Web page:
68

No. They cared deeply about each other as friends, but there was never anything romantic in it. Holmes was asexual. He wasn't just uninterested in women, he was uninterested in romance. All emotions, and [love] particularly, were abhorrent to his cold, precise but admirably balanced mind. He was, I take it, the most perfect reasoning and observing ...


36

He simply got tired of writing about Holmes, and he wanted to focus on his other writing. I'm going to quote from a book called The Best of Sherlock Holmes, by Wordsworth Classics: However, even before the ink was dry on the manuscript of 'The Copper Beeches' its author had wearied of Sherlock Holmes. In fact, by the end of 1891 he had written to his ...


28

The phrase "Elementary, my dear Watson" with the same arrangement of the words, has never been expressed even once in any Sherlock Holmes story. The closest you can get, however, seems to be in the story titled "The Adventure of the Crooked Man": “I have the advantage of knowing your habits, my dear Watson,” said he. “When your round is a short one you ...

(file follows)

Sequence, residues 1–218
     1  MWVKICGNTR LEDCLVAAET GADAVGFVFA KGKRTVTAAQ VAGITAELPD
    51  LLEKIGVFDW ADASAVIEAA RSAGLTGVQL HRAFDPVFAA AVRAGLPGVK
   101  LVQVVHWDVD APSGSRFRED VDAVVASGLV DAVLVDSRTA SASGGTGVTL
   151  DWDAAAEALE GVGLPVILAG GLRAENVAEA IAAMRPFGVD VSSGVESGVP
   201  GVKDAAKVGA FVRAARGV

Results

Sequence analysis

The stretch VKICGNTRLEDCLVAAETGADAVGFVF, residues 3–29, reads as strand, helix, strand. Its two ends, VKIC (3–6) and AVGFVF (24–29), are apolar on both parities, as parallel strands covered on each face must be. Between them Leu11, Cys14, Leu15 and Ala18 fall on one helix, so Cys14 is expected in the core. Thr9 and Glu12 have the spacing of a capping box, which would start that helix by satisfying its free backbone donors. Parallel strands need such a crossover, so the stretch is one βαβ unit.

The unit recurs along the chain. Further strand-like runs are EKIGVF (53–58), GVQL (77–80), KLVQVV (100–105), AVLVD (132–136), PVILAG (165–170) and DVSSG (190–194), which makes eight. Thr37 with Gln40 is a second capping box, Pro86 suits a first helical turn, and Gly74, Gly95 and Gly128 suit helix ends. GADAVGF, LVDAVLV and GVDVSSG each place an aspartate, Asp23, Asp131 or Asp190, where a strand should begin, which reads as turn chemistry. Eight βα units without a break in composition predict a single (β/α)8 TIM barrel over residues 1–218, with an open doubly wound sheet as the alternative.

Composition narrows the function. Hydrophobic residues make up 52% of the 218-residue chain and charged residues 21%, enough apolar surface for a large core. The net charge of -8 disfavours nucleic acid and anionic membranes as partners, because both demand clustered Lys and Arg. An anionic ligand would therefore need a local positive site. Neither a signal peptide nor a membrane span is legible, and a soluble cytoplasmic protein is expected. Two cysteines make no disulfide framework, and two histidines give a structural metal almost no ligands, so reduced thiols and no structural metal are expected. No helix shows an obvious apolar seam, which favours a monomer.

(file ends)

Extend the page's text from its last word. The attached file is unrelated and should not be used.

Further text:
27

The single strongest piece of evidence is surely this, from A Naval Treaty: "Thank you. I have no doubt I can get details from Forbes. The authorities are excellent at amassing facts, though they do not always use them to advantage. What a lovely thing a rose is!" [Holmes] walked past the couch to the open window, and held up the drooping stalk of a ...


25

TL;DR: a close reading of "The Final Problem" says YES, but a broader analysis would tend to reject this evidence and possibly to say NO instead. Holmes certainly considered Moriarty to be the most formidable criminal he ever encountered. From the very first time we see him speak of Moriarty, it is always in tones of awe: "Aye, there's the genius and ...


20

All the unreputable Internet sources indicate that the numbering on Baker Street in Doyle's lifetime was only up to 100. Apparently Doyle initially called the street "Upper Baker Street". One theory is that Doyle chose 221B - a non-existing address - to avoid some poor fella living there from receiving piles of mail an unwanted clients - which is the ...


20

TL;DR: Begin your Holmesian adventure with short stories from The Adventures of Sherlock Holmes and The Memoirs of Sherlock Holmes. Continue with the early novels before moving on to the later short stories. End with The Valley of Fear and then The Hound of the Baskervilles, to see Holmes (and Doyle) at his finest. The order is, for the most part, ...


16

Snopes says: Nope. Specifically: In some sense it seems a bit odd to claim that a fictional character never uttered a specific phrase, since fictional characters aren't real and therefore can't "say" anything (or, conversely, they can be made to say whatever words someone wants to put in their mouths). In this case, when we refer to the words "...